There are mid-range hotels here, but not a huge selection; however, it is reasonably close to San Diego International Airport.
Mission Beach may well be famous for its shore, but in the main Mission Bay area, you’ll also discover the top attraction of SeaWorld San Diego. It also plays host to big hotels like the Hyatt, as well as spa resorts.
Needless to say, accommodation here is mid-range to high-end, and there’s a lot of choice on offer for any potential visitor.
Lots of beach communities surround the area, making it great for anybody who loves a bit of sun, sea, and sand. There’s a beachfront promenade linking all these different communities, which are dotted with cafes, beachside eateries, and restaurants.
While popular with families who visit with children – thanks to SeaWorld and Belmont Park (a rollercoaster and attraction-packed theme park in the area) it’s also good for younger visitors who come to enjoy the boisterous nightlife to be had here. South Mission Beach area is away from the crowds, with more space to enjoy beach games.
Just a little further north from Mission Beach, you’ll find Pacific Beach. With its wide selection of beachside inns clustered along the seafront, ranging from budget-friendly to more luxurious affairs, there’s plenty of choice when it comes to finding a place to call your own when you’re visiting this part of San Diego.
A super popular spot for surfers, Pacific Beach is a trendy neighborhood, where you can enjoy shopping in clothing boutiques, sipping cocktails in bars, practicing a bit of yoga on the beach, or simply strolling along the boardwalk.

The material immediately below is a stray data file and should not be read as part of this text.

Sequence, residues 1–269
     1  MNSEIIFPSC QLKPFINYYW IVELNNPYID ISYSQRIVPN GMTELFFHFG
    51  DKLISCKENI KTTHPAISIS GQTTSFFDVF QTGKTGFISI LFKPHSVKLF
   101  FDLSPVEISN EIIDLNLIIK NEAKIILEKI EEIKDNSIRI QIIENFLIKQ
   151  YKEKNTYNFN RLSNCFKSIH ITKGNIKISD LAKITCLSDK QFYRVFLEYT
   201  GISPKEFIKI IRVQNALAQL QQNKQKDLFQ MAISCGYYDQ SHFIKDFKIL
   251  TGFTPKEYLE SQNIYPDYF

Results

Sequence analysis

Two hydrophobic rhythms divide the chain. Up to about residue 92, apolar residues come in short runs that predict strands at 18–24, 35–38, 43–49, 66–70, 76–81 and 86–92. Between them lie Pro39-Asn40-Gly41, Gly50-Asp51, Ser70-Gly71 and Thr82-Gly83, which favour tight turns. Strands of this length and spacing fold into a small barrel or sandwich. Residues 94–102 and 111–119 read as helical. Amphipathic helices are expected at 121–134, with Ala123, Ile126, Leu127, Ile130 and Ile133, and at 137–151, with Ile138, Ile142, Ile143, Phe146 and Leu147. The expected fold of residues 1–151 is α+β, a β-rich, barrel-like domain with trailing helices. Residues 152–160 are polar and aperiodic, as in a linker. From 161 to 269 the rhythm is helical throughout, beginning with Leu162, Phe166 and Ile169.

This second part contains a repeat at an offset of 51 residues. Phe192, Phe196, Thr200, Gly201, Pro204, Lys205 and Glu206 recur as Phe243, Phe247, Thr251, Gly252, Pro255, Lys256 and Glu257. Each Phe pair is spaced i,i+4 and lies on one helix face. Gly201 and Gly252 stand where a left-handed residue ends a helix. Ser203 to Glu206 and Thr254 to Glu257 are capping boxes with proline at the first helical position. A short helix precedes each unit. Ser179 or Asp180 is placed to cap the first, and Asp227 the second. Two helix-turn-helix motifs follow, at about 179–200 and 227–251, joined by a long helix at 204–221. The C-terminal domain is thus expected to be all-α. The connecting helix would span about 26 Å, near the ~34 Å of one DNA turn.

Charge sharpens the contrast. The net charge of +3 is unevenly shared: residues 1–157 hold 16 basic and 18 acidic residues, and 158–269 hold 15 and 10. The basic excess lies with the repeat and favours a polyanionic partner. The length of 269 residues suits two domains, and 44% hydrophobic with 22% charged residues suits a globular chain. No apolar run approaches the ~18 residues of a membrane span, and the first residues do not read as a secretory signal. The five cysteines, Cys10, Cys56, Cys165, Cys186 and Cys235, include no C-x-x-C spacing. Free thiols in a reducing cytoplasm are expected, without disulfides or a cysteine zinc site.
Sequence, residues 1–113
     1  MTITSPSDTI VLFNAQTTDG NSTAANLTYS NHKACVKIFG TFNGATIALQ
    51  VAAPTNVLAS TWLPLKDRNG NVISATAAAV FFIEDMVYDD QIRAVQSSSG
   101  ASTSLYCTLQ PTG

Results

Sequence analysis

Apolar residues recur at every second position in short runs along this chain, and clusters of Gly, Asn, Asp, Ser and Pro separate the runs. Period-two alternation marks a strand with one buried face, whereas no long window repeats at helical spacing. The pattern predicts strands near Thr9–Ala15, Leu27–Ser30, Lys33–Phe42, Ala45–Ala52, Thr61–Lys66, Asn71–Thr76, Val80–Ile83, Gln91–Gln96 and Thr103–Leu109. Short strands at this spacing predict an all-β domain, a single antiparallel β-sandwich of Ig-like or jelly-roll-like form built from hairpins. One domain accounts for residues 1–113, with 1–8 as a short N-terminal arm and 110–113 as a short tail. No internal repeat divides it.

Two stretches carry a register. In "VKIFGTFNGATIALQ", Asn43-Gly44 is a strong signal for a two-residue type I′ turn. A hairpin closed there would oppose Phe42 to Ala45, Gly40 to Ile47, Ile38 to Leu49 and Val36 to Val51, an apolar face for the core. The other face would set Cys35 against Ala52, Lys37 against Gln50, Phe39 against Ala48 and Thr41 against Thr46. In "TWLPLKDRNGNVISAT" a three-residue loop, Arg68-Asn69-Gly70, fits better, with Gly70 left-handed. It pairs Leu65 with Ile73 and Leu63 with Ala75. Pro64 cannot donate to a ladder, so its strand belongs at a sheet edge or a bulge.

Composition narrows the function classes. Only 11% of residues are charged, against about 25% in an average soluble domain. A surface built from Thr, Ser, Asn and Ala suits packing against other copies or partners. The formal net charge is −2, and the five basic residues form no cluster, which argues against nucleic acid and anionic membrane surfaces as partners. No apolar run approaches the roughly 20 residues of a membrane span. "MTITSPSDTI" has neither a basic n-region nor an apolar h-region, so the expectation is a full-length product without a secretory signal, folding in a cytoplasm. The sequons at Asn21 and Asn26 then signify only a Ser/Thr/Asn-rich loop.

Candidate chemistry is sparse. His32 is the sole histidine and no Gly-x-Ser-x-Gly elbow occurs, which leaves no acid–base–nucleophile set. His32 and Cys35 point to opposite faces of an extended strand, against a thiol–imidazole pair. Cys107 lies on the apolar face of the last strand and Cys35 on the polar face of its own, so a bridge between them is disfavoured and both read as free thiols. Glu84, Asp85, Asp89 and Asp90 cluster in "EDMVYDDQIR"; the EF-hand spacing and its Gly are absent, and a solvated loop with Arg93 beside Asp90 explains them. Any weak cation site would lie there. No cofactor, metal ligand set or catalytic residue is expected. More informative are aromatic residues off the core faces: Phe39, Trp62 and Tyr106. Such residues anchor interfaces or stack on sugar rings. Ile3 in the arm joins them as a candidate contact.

Called ‘PB’ by the locals, at night, things hot up a little – with a pumping nightlife and bonfires on the beach.
The area of Pacific Beach itself stretches from Crystal Pier to Pacific Beach Drive; it’s a great idea to rent some bikes and cycle along the coast here. You’ll also find a more family-friendly area in North Pacific Beach, complete with lifeguards and good facilities for children.
Neighboring the area of Pacific Beach to the south, the district of La Jolla boasts a beautifully rugged coastline, sandstone canyons, and a whole lot of pine forest to enjoy, making it great for outdoor enthusiasts.
There’s something for everyone here in terms of accommodation, from budget motels to more exclusive beachfront hotels, meaning everybody gets to enjoy San Diego’s backyard.
In fact, La Jolla is not just one of the most beautiful beach destinations in San Diego, but the whole of California. Practically all of its coastline is made up of beaches.
The town of La Jolla is punctuated by museums, fashionable boutiques, and little art galleries, for those who like to wander and window shop. Families might want to head over to Scripps Park, which is perfect for a picnic – or you could try to spot the local seals at Children’s Pool.